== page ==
STORY: Nike has recently started a marketing campaign in Australia featuring a fake campaigning organisation, the FFFF, who are supposedly campaigning for fairness in football by seeking the abolition of "unfair" high tech Nike football boots. The billboards and posters impersonate activist posters, and the website [currently down] looks a lot like anti-Nike websites. The sub-text is clear - don't believe everything some fringe group puts on the internet. M1 activists in Melbourne have set up a website that looks very similar to site ( but which features info on Nike working conditions (as well as a couple of unfortunate obscenities). See article from The Age below:


New billboards are to be targeted by protesters trying to send readers to an anti-Nike Internet site. As part of a new campaign to market "offensive "football boots on 900 billboards across Australia, Nike has created an advertisement designed to look like it has  been defaced by vandals.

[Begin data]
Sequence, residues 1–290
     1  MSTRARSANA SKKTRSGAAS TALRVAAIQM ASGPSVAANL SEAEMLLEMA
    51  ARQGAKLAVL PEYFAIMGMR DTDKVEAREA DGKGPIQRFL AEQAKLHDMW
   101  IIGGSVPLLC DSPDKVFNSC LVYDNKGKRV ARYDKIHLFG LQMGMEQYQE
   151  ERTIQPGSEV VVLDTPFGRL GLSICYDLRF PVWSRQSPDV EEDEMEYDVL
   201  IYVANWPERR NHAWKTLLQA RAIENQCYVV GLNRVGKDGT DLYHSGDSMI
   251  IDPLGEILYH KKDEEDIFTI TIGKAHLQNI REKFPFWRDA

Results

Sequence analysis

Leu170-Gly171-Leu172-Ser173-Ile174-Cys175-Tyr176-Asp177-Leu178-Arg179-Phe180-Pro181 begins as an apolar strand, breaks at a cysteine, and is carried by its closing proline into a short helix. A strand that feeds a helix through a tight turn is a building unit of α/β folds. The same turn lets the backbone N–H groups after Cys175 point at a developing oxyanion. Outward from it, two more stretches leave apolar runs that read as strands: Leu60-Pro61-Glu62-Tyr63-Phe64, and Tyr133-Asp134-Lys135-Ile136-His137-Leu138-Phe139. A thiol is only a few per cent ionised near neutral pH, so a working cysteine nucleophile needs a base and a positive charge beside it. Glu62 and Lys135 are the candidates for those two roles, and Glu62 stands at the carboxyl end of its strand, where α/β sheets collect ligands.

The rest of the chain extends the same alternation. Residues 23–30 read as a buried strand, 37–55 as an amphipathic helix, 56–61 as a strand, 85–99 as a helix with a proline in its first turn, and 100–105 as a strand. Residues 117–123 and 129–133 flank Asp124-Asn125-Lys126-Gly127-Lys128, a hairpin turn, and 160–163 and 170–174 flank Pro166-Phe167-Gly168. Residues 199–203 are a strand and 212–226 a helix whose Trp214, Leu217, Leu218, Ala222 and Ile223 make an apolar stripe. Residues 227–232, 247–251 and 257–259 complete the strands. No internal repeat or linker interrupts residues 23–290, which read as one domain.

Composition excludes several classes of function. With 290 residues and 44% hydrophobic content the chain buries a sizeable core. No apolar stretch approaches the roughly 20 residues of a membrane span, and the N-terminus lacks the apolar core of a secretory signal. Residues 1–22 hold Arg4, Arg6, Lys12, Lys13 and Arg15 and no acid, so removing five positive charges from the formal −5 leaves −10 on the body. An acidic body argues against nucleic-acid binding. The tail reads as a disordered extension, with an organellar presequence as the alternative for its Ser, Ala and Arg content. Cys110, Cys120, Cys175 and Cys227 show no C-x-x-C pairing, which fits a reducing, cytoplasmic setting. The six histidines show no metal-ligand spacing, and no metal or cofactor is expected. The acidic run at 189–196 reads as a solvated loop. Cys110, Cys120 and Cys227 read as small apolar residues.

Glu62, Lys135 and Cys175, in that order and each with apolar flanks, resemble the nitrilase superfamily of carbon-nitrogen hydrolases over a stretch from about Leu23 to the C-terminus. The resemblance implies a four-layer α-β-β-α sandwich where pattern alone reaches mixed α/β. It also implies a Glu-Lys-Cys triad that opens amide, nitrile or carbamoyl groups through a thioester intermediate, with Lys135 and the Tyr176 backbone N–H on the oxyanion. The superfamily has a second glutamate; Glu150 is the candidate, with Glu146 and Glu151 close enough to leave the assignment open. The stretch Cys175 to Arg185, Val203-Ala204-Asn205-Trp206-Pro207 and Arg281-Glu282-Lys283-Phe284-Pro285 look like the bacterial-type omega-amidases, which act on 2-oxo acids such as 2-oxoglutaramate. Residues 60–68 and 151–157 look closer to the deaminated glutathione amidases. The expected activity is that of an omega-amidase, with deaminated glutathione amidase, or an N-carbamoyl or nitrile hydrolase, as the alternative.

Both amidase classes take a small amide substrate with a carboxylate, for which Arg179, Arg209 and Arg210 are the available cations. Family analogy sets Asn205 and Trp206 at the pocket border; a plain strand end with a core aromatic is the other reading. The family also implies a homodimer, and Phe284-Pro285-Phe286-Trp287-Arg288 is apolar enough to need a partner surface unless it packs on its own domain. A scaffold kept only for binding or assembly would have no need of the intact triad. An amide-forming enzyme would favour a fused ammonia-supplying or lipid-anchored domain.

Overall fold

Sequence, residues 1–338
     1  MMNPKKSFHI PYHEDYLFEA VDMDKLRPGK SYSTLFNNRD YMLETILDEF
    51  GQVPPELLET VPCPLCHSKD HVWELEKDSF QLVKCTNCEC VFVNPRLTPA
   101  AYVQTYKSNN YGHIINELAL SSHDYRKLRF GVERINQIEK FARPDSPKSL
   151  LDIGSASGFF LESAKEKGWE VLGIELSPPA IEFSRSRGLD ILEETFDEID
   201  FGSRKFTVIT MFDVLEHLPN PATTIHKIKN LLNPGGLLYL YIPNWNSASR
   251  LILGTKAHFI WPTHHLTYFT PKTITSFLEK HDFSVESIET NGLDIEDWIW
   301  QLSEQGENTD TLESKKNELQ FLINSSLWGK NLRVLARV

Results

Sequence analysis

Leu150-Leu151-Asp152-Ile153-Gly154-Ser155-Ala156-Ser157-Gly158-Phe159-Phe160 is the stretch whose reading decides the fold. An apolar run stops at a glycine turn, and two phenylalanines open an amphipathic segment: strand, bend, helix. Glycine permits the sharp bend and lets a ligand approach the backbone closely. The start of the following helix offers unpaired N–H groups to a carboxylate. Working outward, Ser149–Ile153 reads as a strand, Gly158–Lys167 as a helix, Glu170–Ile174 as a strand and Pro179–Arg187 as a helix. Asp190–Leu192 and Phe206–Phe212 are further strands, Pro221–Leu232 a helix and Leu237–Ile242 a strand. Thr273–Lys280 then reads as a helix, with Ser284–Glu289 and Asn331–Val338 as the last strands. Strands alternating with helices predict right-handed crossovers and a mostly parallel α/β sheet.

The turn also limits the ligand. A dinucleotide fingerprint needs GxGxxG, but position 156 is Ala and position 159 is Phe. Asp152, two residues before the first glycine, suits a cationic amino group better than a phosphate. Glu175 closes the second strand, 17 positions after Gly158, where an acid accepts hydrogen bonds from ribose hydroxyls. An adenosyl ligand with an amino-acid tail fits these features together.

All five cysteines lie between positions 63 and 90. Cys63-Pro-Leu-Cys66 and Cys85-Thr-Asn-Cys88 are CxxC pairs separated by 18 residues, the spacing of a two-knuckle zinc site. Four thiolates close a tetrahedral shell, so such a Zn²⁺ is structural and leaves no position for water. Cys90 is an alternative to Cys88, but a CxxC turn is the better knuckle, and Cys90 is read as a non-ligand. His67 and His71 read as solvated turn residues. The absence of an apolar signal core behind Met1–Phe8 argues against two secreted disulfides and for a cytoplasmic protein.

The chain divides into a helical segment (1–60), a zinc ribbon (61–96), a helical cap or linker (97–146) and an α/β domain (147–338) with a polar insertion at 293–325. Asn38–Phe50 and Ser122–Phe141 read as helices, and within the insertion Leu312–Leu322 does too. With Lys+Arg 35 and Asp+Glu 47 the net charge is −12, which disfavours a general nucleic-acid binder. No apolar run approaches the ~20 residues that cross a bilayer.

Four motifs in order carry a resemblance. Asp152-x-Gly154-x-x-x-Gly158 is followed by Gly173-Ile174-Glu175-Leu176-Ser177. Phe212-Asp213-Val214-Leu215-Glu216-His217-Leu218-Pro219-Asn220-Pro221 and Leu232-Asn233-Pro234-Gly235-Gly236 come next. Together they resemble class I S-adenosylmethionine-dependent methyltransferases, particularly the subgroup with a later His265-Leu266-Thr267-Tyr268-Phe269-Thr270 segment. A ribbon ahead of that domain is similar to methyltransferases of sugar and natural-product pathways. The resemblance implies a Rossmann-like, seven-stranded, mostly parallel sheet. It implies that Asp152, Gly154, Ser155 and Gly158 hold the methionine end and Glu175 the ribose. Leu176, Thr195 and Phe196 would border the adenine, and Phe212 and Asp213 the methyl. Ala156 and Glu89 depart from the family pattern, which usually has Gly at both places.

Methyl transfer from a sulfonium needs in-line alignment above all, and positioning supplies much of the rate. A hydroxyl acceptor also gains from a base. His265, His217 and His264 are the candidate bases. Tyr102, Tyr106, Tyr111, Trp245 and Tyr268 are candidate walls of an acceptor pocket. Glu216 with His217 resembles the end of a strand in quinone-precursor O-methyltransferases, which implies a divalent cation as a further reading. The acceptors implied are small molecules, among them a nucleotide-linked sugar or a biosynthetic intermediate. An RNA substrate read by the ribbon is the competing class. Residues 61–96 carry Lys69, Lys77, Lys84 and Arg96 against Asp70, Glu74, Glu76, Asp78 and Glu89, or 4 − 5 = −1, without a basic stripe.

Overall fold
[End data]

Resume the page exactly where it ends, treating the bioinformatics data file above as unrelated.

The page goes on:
MAY 10, 2001 -

What are Buffs worth? Few details known as CU-Nike deal up for renewal Published May 10th 2001 By TERJE LANGELAND  Colorado Daily Staff Writer

How much are the Buffs worth to Nike Inc.?
That question may soon be answered, as the current six-year, $5.6-million sponsorship agreement between the Beaverton, Ore.-based apparel giant and the CU athletic department is about to expire on June 30... Last January, after a year-long standoff over the question of alleged sweatshop conditions in Nike factories, the University of Michigan signed a seven-year, $25-million deal with the apparel giant -- an apparently significant improvement over its previous six-year, $8-million contract.